As Audrey's abusive boyfriend Orin, Rob Dominguez gives his all, making his performance as the leather jacketed, pain inflicting, bad-boy dentist just approach the line of going too far, without stepping over it. For the voice of Audrey II, Maticic has gone against the norm and cast two females to sing for the plant. While it makes sense having a female voice come out of a plant named "Audrey" it doesn't quite have the same effect, or resonance, that a deep male voice has, and the deep, maniacal laugh is sorely missed. While Melody Chrispen and Rachel Cartwright are fine in the part, at the performance I attended there was an ongoing issue with the mic levels for both of them being so low that many of their lines and lyrics were completely lost under the sound of the orchestral amplification.
Maticics's staging and choreography make nice use of the small space, using just about every entrance and exit way possible to get a sense of the bustling Skid Row location of the flower shop. She adds some nice creative dance steps for many of the songs, including a sweet and touching moment where a "dream" Seymour participates in Audrey's song about her hopeful future, "Somewhere That's Green." Maticic also makes sure the comic moments are sharp and delivered so the humor lands, though in the "Downtown" sequence she should have the ensemble be a little less prevalent and over the top, as some of them are trying too hard to get laughs, and pull the focus away from Seymour and Audrey's solo lyrics during the number. Maticic and Kamel designed the costumes as well, and they nicely tie into the caricatures and traits of the characters.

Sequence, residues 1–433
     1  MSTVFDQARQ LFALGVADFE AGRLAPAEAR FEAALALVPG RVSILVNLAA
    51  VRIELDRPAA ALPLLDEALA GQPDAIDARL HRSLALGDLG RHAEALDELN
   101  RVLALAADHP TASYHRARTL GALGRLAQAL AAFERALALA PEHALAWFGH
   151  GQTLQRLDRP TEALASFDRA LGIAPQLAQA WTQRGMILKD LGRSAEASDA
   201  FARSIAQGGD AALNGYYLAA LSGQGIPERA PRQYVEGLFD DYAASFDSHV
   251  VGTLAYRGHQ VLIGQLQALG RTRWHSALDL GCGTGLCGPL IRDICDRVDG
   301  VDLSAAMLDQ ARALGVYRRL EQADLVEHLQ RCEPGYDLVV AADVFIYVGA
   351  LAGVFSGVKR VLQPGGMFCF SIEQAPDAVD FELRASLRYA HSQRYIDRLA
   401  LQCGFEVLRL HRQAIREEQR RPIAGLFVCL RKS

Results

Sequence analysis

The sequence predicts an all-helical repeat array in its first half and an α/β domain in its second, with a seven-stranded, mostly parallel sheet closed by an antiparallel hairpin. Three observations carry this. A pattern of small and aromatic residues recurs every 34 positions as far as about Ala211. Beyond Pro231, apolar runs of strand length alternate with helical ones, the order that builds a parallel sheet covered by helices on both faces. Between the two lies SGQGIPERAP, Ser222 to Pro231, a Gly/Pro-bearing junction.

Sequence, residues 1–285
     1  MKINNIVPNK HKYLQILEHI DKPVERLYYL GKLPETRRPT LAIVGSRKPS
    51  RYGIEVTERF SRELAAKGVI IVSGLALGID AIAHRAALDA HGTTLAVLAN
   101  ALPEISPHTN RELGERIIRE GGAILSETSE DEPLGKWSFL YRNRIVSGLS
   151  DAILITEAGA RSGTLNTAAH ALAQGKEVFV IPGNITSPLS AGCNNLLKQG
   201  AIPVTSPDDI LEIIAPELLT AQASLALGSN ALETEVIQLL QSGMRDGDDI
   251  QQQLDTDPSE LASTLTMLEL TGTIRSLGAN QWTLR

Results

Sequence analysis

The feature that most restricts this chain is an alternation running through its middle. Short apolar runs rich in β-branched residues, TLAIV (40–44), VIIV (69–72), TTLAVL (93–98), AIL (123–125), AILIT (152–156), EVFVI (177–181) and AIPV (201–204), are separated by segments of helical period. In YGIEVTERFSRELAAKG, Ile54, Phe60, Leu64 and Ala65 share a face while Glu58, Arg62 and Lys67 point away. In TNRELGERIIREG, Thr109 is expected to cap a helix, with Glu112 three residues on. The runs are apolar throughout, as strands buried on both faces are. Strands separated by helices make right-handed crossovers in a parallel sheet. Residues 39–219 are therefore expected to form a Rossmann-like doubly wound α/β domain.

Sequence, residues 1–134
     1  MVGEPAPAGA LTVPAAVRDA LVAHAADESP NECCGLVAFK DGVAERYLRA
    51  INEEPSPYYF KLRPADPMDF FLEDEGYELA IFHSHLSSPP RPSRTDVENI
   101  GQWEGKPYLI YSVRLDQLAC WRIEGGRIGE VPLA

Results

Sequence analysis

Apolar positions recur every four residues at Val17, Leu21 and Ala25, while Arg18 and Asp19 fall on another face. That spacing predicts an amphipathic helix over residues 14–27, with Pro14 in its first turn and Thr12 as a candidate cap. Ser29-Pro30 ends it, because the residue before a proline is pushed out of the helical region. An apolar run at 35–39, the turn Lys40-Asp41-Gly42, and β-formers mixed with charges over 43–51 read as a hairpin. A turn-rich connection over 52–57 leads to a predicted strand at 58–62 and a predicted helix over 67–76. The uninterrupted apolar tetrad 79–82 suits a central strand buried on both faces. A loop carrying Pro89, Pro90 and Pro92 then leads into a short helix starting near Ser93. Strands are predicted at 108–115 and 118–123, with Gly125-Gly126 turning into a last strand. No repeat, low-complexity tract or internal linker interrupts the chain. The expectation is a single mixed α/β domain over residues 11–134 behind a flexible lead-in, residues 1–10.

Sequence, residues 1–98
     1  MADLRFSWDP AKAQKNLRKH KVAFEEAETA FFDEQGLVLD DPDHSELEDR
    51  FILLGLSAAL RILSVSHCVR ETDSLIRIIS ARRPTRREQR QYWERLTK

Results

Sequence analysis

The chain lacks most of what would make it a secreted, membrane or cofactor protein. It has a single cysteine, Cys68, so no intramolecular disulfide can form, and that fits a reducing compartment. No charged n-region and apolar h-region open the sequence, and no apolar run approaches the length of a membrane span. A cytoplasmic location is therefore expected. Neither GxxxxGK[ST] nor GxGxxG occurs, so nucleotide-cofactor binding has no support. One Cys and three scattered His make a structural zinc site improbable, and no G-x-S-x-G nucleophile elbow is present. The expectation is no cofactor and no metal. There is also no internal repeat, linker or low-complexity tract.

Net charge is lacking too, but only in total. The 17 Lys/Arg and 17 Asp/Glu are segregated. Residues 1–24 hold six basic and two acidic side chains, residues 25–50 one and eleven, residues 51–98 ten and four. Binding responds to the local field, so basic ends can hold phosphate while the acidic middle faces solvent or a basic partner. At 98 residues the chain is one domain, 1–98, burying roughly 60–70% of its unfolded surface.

Brelby's stage is a small one yet set designer Brian Maticic has crafted an inventive double rotating platform that nicely moves us from the exterior to the interior of the flower shop and back again, as well as, with the simple addition of an old fashioned dentist chair, into Oran's office. Worn down brick walls give a nice sense of the Skid Row location. The Audrey II puppets are also quite effective.
At the opening night performance there were a few hiccups, with some of the scene changes taking a bit too long and some of the scenes in the flower shop lit fairly darkly. Fortunately, these glitches didn't detract from the overall joy of the show and should be easily remedied to tighten up the scene changes and provide a better focused lighting plot.
Little Shop of Horrors is an extremely enjoyable show with plenty of laughs and some really great songs. The intimacy of the Brelby space not only lets the humor and charm of the show be more resonant, but also makes the ever growing Audrey II be prominent and literally "in your face" which is very effective. Sure, it might be a small, low-cost production, but with a fine cast and assured direction it proves you don't need elaborate budgets or even a large theatre when you have a director and cast that know what they are doing.
The Brelby Theatre Company production of Little Shop of Horrors runs through September 6th, 2014, with performances at 6835 N 58th Avenue in Glendale. Tickets are available at www.brelby.com or by phone at (623) 282-2781
Director/ Choreographer: Shelby Maticic